Noxious Weed Control in pastures is becoming more of a challenge. Many commercial spray businesses are no longer spraying pastures, and if they are, there may be restrictions on the time and products they will spray, or they may only work with you if they also have the rest of your spraying business. However, it is still the law to control noxious weeds. Not being able to find a commercial applicator is not a valid reason to not control noxious weeds.
Jamie Scott participated in a roundtable on climate change and agriculture with USDA Secretary Vilsack in East Lansing, Michigan on April 23rd, 2015. Mr. Scott is the Chairman of the Kosciusko County Soil and Water Conservation District and currently serves as the Vice-President of the Indiana Association of Soil and Water Conservation Districts.
This is part four of a rotational grazing series from the March issues of Drovers CattleNetwork and Cow/Calf Producer. Rotational grazing helped Sherwood Acres Farm get a successful start when starting a niche beef operation from scratch.
By Aaron Berger, University of Nebraska-Lincoln Extension
Warm, dry conditions in the month of March have dried out the top soil in many parts of central and western Nebraska. While there is still adequate subsoil moisture in many locations, the pattern of above normal temperatures with below normal precipitation is concerning. In addition, below-average snowpack conditions are an ominous sign looking toward potential precipitation as spring continues.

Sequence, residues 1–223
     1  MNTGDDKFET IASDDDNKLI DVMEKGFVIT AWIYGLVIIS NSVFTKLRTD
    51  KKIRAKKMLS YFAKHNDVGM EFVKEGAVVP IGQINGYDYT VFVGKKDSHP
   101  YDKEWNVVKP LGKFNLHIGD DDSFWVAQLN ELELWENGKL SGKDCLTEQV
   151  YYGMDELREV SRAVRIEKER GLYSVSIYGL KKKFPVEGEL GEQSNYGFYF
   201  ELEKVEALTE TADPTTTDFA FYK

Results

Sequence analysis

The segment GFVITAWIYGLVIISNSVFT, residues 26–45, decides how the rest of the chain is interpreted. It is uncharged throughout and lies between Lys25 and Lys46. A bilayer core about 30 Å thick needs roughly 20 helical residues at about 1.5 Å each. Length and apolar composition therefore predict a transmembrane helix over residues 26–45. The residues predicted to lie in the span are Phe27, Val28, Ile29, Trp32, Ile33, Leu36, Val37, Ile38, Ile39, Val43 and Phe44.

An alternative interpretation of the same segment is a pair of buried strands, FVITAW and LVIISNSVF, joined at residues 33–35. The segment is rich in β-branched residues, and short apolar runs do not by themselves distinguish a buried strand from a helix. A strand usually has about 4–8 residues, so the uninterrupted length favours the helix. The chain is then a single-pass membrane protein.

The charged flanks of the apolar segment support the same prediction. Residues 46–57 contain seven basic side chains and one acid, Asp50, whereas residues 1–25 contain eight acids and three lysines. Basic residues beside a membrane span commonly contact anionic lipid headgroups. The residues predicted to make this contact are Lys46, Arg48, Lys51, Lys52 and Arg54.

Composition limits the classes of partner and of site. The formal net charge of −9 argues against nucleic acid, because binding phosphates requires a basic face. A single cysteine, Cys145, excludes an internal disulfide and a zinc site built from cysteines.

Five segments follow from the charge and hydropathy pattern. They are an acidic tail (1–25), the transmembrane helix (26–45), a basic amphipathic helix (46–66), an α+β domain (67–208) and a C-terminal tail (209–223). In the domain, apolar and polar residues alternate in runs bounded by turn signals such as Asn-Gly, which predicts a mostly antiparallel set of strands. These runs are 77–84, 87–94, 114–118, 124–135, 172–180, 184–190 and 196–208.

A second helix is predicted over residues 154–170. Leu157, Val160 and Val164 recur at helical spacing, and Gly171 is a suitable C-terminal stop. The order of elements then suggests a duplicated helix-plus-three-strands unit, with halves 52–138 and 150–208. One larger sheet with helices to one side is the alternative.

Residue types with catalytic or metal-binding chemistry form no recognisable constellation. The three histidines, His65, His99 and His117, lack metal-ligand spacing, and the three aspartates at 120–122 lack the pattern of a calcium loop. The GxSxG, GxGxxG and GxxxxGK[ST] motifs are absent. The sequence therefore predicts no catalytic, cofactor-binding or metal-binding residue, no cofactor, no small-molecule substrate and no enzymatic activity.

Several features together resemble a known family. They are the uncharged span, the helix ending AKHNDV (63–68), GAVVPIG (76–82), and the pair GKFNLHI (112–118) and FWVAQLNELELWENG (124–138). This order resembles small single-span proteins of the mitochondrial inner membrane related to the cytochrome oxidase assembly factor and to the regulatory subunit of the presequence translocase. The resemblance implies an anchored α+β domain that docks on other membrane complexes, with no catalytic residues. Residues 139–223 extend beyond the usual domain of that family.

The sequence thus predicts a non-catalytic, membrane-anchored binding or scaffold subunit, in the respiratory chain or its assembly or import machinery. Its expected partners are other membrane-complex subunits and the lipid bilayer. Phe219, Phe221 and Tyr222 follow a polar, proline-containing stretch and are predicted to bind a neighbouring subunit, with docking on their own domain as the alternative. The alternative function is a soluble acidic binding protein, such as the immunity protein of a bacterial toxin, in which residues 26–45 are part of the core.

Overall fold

By Connor Orrock, Kansas State University Extension
The Kansas Flint Hills have served as a home and food source for stocker cattle since the mid-1800s, when cowboys drove longhorns up the Chisholm Trail from the southwestern United States to Kansas railways. Flash forward to today: research from Kansas State University on this staple resource could help ensure profitable years ahead for stocker producers.
This is part three of a rotational grazing series from the March issues of Drovers CattleNetwork and Cow/Calf Producer. The implementation of a rotational-grazing program has helped BitterSweet Acres increase its carrying capacity of pastures by 35 percent since the Woods first started in 1999, while weathering tough drought conditions.
By Pete Bauman, Karla Hernandez and Sandy Smart, iGrow
Part 5 of the Grassland Fertilization Series discussed the effects of fertilization on native grassland plantings. This last installment addresses the options for fertilization on low diversity exotic grassland plantings.